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He was incapable of reading one classic without relating it to another — in his edition of Chapman's Homer he scrawled lines he preferred from Pope's Homer — or else contemplating how he himself would render the same material. —Source

Is this usage the same as just "or"? Why did he add "else" here? I would like a native speaker's opinion.

Does this mean "he couldn't read Homer with just one translation. He need another translation and he couldn't read the original so he couldn't translate by himself."

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  1. As you suspect, or else is equivalent to or. Formally, else here acts as an adverb roughly equivalent to otherwise or in other cases; or else is thus an intensive form of or.

    Else in this sense was at one time employed by itself as, in effect, a conjunction. Pope's letters, for instance, show else and or else pretty much in random variation.

    I pray God you may have found success in that journey, else I shall continue to think there is a fatality in all Your Lordship's undertakings ...

    Take care of your health and money; be less modest and more active; or else turn Parson and get a Bishopric here ...

    But the bare use, without or, has been pretty much obsolete since the 18th century.

  2. This passage has nothing to do with Melville’s ability to read Greek. Melville's annotation of Chapman’s Homer is a parenthetical remark offered as an example of his propensity for reading one classic work in the context of another: the two translations of Homer, that by Chapman and that by Pope, are on their own account classics of English literature. Melville, as a widely read man of the 19th century, was undoubtedly familiar with both, just as a modern student of literature would be familiar with both Marlowe's and Goethe's versions of the Faust story. If you ‘bracket out’ what lies between the dashes you are left with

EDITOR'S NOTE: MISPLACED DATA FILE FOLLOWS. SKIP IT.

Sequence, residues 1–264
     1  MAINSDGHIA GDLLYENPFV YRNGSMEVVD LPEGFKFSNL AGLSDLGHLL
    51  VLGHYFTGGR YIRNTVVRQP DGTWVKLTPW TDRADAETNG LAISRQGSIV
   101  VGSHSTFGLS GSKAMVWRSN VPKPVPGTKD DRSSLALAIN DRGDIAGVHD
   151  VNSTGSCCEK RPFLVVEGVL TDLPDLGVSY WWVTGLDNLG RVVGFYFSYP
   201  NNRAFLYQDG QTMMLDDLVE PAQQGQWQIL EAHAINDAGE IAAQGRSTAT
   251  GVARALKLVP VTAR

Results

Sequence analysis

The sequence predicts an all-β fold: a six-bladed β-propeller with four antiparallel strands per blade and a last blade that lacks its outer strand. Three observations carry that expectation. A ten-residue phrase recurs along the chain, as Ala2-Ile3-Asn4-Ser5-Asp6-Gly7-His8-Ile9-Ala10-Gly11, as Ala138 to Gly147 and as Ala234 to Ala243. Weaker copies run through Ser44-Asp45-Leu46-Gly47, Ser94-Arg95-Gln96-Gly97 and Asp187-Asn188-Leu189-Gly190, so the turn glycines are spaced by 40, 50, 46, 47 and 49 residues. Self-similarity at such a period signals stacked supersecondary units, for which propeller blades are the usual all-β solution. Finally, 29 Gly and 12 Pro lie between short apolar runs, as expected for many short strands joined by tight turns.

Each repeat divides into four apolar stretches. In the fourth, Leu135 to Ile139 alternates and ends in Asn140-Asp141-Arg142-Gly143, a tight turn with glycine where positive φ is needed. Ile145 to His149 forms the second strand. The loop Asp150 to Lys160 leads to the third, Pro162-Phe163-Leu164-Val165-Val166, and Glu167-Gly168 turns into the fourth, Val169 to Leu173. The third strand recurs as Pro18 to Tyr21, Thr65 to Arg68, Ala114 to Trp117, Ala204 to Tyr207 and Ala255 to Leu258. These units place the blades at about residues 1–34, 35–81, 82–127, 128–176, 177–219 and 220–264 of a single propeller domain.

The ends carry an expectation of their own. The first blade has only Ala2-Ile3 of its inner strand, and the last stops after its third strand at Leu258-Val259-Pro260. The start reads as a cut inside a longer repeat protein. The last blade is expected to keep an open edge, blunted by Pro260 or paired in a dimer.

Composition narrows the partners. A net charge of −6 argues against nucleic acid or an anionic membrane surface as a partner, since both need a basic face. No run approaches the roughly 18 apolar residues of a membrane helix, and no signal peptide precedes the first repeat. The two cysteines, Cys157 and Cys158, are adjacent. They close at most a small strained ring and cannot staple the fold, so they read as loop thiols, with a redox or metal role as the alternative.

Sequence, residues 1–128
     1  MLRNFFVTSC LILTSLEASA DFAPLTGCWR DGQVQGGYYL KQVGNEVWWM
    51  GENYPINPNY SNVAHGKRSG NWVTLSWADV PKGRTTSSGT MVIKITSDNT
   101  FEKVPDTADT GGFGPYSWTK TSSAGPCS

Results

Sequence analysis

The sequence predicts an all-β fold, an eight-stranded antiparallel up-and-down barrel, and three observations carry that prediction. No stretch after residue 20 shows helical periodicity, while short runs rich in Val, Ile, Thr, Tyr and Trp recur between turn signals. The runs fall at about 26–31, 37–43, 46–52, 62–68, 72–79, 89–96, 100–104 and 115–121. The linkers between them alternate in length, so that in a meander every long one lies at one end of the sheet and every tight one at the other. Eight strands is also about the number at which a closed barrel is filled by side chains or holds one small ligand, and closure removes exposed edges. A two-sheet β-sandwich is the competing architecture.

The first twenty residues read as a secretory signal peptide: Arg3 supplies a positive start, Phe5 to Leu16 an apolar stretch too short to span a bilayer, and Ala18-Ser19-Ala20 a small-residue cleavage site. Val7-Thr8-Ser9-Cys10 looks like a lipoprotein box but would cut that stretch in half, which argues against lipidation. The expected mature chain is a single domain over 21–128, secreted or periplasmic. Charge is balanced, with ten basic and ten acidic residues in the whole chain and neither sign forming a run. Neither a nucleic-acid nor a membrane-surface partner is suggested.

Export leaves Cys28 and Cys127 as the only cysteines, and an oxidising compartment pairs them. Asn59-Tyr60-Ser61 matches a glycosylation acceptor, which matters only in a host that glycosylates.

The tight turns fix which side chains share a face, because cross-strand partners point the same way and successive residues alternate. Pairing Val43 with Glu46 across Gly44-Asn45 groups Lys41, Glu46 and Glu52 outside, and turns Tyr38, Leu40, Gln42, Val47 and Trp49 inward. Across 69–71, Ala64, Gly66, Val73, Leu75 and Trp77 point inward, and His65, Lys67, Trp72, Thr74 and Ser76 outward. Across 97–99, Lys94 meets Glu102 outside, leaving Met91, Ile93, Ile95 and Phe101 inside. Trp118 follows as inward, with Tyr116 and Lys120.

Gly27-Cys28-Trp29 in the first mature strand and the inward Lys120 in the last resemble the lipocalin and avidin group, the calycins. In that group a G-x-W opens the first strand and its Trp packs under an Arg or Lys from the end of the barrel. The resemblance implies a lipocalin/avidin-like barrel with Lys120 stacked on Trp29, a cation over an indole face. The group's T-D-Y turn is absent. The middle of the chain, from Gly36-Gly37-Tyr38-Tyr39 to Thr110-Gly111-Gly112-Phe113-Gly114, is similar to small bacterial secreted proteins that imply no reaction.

He was incapable of reading one classic without relating it to another or else contemplating how he himself would render the same material.

    This may be paraphrased

    Whenever he read a classic he was impelled to either relate it to another classic or wonder how he himself would treat the same material.

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  • Thank you, but this "incapable" means "unable" so it is negative. So I thought this was about his lack of ability. Is there another meaning? – user2492 Dec 26 '13 at 3:58
  • @kih1930 It doesn't mean incapable of reading - it means incapable of reading-without-relating-&c. He could not resist relating the classic he was reading to other classics. – StoneyB on hiatus Dec 26 '13 at 13:09
  • Oh I see. So "contemplating" is part of "without", not "incapable of"? – user2492 Dec 26 '13 at 15:50
  • @kih the gerund contemplating takes a compound object [A or B], where A is 'relating it to &c' and B is 'contemplating how &c'. – StoneyB on hiatus Dec 26 '13 at 17:47

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